Massachusetts is not as democratic or representative of the people as it seems. There is a deep-rooted issue that needs to be dealt with in order to ensure that democracy survives. To begin, any and all voting that occurs within the Massachusetts General Court needs to be made public to the people whether or not it is a roll call. Access to upcoming bills that are to be voted on needs to become more readily available, and Representatives must become more responsive to their constituents. These changes are necessary in order for the representative democracy in Massachusetts to be returned to its former glory, and for the people to feel comfortable with the decisions that their representatives are making. Without these changes, democratic backsliding in the Massachusetts state house will only continue, and at a certain point the people’s votes, which are already less valuable than before, will cease to have any purpose.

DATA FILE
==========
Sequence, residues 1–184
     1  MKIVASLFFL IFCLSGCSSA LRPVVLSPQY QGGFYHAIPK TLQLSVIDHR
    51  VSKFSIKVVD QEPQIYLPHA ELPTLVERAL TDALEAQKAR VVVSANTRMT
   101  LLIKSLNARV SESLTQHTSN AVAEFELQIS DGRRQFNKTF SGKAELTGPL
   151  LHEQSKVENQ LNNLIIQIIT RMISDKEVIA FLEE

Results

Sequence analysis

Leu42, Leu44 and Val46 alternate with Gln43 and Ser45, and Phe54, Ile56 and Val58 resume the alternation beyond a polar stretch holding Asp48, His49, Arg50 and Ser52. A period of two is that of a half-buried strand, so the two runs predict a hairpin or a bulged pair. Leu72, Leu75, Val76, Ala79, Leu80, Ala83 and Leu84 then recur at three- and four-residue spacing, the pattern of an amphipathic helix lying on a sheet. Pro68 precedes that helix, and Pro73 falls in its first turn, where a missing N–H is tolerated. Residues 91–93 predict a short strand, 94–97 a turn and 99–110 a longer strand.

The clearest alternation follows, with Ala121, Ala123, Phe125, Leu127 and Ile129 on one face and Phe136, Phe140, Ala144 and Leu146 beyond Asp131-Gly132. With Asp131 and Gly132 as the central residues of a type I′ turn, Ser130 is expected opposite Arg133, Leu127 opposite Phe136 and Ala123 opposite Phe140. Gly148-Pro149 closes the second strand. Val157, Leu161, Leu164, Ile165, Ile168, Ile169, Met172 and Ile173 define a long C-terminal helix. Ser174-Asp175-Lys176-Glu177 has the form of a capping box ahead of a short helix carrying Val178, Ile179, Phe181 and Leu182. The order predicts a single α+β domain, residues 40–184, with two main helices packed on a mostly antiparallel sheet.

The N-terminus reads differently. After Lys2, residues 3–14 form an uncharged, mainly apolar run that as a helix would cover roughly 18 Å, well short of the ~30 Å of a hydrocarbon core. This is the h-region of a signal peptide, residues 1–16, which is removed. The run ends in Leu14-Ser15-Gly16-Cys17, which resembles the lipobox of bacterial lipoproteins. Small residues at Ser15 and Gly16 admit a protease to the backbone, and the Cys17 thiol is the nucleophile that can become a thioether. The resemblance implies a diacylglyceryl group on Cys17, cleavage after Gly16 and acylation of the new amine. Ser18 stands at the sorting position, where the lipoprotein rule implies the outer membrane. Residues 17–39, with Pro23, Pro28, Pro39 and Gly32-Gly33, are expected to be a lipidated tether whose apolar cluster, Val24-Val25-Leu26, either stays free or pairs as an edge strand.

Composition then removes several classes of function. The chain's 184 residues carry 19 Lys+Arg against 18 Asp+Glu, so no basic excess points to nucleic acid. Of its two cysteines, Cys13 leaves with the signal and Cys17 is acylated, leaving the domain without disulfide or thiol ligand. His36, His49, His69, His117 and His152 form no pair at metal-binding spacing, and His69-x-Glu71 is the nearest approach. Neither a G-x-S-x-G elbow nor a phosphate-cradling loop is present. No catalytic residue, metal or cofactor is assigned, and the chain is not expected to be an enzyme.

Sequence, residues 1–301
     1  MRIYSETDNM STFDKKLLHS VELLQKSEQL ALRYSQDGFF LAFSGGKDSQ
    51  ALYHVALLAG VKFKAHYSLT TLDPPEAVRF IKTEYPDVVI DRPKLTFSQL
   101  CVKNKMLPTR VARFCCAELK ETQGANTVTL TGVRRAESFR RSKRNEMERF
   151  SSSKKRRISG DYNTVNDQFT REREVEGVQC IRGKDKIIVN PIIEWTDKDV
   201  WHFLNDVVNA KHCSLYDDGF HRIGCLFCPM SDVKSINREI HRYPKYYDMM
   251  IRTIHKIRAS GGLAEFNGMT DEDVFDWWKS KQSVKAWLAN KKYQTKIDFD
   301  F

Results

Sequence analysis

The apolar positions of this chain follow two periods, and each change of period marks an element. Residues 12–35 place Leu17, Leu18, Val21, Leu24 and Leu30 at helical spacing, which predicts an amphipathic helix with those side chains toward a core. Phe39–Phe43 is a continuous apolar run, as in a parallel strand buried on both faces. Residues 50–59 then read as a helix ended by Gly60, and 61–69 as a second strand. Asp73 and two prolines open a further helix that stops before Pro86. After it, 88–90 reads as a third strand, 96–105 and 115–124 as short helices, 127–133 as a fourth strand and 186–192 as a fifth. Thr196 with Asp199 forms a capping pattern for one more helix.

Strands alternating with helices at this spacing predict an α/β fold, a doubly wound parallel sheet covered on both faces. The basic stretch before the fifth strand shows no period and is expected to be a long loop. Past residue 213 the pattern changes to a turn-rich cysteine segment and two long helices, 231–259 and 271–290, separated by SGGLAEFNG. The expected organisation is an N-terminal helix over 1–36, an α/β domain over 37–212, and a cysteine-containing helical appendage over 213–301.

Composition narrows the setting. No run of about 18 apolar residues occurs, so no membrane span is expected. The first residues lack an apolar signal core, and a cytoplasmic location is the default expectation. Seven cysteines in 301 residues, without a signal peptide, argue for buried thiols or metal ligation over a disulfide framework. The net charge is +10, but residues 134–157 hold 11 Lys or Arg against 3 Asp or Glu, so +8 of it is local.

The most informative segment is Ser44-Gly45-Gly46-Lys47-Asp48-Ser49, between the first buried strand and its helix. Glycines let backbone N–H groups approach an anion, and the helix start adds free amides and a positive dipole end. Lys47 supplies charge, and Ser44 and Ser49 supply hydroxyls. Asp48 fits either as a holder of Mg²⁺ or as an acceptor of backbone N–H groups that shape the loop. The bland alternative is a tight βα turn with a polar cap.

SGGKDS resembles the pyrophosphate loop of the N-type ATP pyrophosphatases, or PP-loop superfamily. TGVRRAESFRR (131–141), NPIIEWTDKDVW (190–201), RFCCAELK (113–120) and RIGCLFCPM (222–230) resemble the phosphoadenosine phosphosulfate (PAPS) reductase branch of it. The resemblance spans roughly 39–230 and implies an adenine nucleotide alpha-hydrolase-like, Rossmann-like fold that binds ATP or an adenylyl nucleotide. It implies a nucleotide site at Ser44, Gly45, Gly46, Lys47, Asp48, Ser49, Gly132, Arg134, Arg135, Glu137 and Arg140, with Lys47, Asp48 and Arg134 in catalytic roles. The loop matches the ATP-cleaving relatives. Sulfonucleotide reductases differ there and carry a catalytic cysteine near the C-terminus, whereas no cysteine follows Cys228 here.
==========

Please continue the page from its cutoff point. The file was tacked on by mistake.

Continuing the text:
The Safe Communities Act being killed by the legislature without any explanation is one of many examples, but the main takeaway is that voters in Massachusetts don’t have a say in how their state is run, and how their representatives vote. This backsliding has had detrimental effects on personal autonomy within the state and has ultimately led to an evident disconnect between the Massachusetts legislatures in Beacon Hill and the people they represent across the state. This disconnect stems from a lack of transparency within the state house that restricts voters from knowing what legislatures are working on, how they vote, and why they make certain decisions. The people of Massachusetts have been led to believe that they live in a fully representative democracy, but democratic backsliding has proved this to be false, and this goes to show that backsliding can occur in any branch of government, can occur at any rate, and can occur in even the “most democratic” country or state in the world.